The following are descriptors of habits for creative idea development. I have written them into an open-ended, flexible list that is a tool for assessment. I use these descriptors to encourage university students majoring in graphic design, art education, art therapy, and studio art to use their research notebook/sketchbook in the idea development phases of works in progress. These descriptors appear on the checklist under the heading, “engage and persist” (Hetland et. al., 2013). The list is not intended to prescribe precisely how students will engage and persist. Rather, I use it to provide ideas for a student to begin their own working process. There is also a blank, open field in the list for students to write in their own descriptors of their process.

* Poses new questions, expands an idea that originates in wondering, questioning
* Experiments and refines work with tools, materials, methods, techniques
* Tries new approaches, ideas, with curiosity
* Takes risks and plays with error/failure
* Pushes the limits, imagines more possibilities
* Plays with ideas and concepts using multiple approaches
* Seeks alternatives, finds what is missing, views the problem from a different perspective
* Moves between what is and what could be
* Adapts a known model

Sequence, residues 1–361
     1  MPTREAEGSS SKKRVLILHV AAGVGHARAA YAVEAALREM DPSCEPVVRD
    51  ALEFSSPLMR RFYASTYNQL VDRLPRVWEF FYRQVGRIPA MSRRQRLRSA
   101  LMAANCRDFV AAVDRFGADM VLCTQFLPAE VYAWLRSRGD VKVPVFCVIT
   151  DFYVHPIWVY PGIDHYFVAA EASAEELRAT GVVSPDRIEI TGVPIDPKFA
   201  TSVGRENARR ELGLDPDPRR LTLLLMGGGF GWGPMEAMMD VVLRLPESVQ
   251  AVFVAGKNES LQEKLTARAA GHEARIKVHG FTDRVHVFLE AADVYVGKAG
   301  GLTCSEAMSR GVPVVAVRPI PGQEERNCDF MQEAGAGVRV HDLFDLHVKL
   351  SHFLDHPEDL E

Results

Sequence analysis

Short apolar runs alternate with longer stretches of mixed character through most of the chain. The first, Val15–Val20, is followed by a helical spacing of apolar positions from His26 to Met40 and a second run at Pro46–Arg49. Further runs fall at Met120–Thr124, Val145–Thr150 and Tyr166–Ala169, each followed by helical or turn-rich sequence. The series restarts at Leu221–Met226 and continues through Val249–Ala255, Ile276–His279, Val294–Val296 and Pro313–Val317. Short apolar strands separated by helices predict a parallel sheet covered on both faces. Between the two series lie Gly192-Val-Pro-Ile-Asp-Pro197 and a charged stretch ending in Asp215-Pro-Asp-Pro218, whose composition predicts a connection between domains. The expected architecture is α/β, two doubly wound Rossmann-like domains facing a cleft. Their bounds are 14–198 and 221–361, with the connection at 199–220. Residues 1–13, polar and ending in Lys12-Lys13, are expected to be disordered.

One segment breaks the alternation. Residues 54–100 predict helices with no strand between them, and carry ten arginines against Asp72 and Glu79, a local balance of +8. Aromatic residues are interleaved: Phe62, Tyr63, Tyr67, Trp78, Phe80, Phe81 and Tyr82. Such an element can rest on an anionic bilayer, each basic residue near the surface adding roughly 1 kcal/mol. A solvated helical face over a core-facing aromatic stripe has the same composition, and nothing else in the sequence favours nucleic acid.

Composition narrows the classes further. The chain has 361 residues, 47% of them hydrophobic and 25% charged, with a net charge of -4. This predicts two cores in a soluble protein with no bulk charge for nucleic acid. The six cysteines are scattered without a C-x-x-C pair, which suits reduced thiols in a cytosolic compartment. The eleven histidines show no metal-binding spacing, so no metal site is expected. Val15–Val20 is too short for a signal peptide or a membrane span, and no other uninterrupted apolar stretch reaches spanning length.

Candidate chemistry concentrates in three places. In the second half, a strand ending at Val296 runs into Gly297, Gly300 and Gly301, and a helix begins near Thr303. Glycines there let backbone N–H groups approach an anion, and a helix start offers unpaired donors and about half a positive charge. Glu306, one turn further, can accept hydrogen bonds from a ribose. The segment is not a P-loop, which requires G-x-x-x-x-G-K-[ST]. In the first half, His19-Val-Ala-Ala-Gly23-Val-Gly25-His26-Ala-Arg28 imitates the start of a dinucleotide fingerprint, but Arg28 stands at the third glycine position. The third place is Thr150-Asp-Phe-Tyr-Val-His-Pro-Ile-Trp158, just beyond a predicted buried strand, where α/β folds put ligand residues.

This assessment task draws on formative (sketchbook pages with annotated analysis and written reflection) and summative (culminating project) components. To give students feedback about the information we were gathering about their learning, we used one open ended checklist as a scoring tool to give individualized feedback in the form or written comments as relevant to three sources of evidence (10 pages from sketchbook, reflection paper, and final artwork).  To meet the University administrative mandate of the SLO, I set the target/goal for 75% of students show strong evidence of the qualities of generating and revising ideas in stages of creative process. We met our target when 79% students in the Printmaking I course demonstrated proficiency in the following dimensions of the assessment rubric:

* Research and making connections with artists and movements
* Observational drawing and sensory observation
* To engage and persist in idea development and technical methods
* To stretch and explore in idea development and technical process
* To reflect, revise, and refine stages of creative process

I believe that idea development and habits of creative thinking are worth assessing. We must empower art teachers who may feel caught up in institutionalized assessment practices (e.g., grading, testing, SLOs, and teacher evaluation) to find support in contemporary assessment literacy that is aligned with what we believe about art education. I argue that we should assess what matters most. In the next blog post I will expand the idea of failure as part of the principle, “assess what matters.”



Hetland, L., Winner, E., Veenema, S., & Sheridan, K. M. (2013). Studio Thinking 2: The real benefits of visual arts education. New York, NY: Teachers College Press.